3D Models Related Images

Left Lateral Exposure of Brain, Infratemporal Fossa, and Carotid Vasculature

Surgical Correlation


Left lateral exposure of brain, infratemporal fossa, and carotid vasculature. The mandibular ramus, zygomatic arch, and portion of lateral skull and dura mater and arachnoid layers of the meninges have been removed to expose the brain. In the infratemporal fossa the lateral pterygoid and medial pterygoid muscles have been removed. The maxillary artery, one of the terminal branches of the external carotid artery, traverses this space giving rise to several branches, such as those shown here: inferior alveolar, middle meningeal, posterior superior alveolar, and infraorbital arteries. The sphenopalatine artery continues through the pterygomaxillary fissure into the pterygopalatine fossa where the maxillary nerve can also be seen. The buccal and auriculotemporal branches of the mandibular nerve are also visible as well as the inferior alveolar and lingual nerves that normally descend on the medial pterygoid to the mandibular canal and floor of the mouth, respectively. The inferior alveolar nerve gives rise to the mylohyoid nerve, motor to the mylohyoid and anterior digastric muscles. In the lateral neck, the cervical segment of the internal carotid artery continues as the petrous segment once it enters the carotid canal. The internal jugular vein emerges from the nearby jugular foramen and descends in the neck. Coursing on the external surface of the ICA is the carotid sympathetic nerve plexus carrying postganglionic sympathetic fibers. The hypoglossal nerve emerges between the IJV and proximal part of the ECA and courses forward superficial to the hyoglossus muscle on its way to the oral cavity and tongue. The superior root of the ansa cervicalis (containing C1 nerve fibers) leaves the epineurial sheath of the hypoglossal and descends in the neck where it unites with the inferior root to supply motor innervation to most of the infrahyoid muscles. Deep neck musculature has been removed to show portions of the suboccipital muscles: obliquus capitis inferior and superior muscles. Part of the vertebral artery is exposed prior to entering the transverse foramen of the atlas. It is crossed superficially by the ventral ramus of the C2 spinal nerve. The facial artery courses superficial to the hyoglossus and on the deep surface of the submandibular gland (not present) before emerging onto the face. The ECA terminates as the superficial temporal and maxillary arteries near the neck of the mandible. The carotid sinus nerve, a sensory branch of the glossopharyngeal nerve, innervates the baroreceptors of the carotid sinus and the chemoreceptors of the carotid body. (Image courtesy of PA Rubino)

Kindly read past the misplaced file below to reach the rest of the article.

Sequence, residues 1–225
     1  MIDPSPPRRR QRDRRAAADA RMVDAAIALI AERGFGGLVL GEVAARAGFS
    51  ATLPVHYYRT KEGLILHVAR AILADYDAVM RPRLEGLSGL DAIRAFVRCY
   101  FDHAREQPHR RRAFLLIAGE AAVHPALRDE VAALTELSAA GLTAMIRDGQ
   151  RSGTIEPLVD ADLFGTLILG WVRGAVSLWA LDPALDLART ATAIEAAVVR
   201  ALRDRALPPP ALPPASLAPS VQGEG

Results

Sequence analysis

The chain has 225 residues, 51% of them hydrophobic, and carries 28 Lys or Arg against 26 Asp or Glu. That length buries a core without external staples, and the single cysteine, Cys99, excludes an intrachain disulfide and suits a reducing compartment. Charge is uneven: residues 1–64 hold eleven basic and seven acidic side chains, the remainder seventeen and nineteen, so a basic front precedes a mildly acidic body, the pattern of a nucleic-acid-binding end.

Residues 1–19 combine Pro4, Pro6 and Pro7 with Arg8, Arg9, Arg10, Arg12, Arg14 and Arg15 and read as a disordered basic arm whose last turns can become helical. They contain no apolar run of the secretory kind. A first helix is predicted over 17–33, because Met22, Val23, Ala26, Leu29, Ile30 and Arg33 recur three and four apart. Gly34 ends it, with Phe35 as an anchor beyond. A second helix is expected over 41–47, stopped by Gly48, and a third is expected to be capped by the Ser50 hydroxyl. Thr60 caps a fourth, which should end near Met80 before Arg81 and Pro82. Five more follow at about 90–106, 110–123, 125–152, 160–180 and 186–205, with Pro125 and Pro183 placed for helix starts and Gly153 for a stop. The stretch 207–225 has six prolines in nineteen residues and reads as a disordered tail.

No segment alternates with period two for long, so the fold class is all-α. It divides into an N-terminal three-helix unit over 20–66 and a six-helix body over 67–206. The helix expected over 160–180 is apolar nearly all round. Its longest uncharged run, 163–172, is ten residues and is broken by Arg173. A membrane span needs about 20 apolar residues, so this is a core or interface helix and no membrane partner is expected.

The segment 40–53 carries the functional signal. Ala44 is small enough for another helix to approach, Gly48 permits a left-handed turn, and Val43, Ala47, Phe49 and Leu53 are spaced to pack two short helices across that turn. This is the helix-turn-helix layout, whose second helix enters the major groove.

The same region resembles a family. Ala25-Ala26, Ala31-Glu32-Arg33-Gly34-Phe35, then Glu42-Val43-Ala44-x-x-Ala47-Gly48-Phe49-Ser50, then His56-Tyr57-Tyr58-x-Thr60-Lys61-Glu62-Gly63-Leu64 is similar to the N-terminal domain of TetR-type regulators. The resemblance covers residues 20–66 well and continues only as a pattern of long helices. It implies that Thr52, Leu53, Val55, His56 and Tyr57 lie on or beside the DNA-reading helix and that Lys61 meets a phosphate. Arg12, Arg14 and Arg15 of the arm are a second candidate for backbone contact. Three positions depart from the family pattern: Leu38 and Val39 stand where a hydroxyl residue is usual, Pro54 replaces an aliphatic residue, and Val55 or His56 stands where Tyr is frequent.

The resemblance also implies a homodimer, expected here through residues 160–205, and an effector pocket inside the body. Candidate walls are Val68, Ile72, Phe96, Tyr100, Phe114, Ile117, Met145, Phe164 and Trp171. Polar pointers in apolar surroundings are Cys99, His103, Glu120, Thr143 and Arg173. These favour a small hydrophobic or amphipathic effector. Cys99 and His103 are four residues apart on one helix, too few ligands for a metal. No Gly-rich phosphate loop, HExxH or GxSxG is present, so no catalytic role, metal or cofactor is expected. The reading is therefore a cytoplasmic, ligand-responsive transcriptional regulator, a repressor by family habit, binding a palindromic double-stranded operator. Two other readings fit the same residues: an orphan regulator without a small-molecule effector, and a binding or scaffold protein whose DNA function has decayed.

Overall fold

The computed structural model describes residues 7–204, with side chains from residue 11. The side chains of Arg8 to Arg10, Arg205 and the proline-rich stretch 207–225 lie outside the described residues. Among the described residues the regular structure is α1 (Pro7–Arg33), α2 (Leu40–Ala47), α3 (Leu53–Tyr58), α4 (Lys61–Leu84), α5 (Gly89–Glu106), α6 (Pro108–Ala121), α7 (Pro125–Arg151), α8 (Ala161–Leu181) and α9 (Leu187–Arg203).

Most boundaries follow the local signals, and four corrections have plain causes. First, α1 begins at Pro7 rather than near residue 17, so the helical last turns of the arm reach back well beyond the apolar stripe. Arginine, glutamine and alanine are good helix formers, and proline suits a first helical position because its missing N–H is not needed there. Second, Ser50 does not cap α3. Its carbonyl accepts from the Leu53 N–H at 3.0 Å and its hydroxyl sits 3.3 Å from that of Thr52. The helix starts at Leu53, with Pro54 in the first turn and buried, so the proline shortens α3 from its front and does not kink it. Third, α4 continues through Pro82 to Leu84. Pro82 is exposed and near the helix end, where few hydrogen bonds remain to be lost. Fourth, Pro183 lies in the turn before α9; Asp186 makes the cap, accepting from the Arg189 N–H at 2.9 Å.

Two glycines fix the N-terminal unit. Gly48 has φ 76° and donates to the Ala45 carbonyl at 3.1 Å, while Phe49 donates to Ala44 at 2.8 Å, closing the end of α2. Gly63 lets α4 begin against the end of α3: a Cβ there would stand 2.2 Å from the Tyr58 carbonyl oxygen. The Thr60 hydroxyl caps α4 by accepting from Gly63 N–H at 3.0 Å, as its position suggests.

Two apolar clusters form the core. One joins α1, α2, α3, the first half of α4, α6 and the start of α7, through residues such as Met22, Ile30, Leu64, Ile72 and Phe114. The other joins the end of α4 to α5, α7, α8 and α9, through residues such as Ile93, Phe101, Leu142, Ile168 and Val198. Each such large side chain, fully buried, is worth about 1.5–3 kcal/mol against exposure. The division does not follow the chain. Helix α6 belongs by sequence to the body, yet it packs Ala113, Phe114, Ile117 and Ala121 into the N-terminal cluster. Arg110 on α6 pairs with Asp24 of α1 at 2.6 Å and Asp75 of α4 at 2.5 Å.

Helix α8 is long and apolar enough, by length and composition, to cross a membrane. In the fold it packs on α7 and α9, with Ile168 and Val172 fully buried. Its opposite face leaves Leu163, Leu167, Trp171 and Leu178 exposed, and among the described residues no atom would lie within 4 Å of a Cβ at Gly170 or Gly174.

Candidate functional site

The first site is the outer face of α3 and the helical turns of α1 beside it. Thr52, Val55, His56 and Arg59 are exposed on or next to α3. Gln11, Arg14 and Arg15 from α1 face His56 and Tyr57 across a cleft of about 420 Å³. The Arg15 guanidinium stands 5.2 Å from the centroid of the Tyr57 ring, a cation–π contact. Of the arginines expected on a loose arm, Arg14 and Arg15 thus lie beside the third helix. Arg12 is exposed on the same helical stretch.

You are leaving the Neurosurgical Atlas

Full 3D Models are available outside the Neurosurgical Atlas through an Atlas Meditech subscription.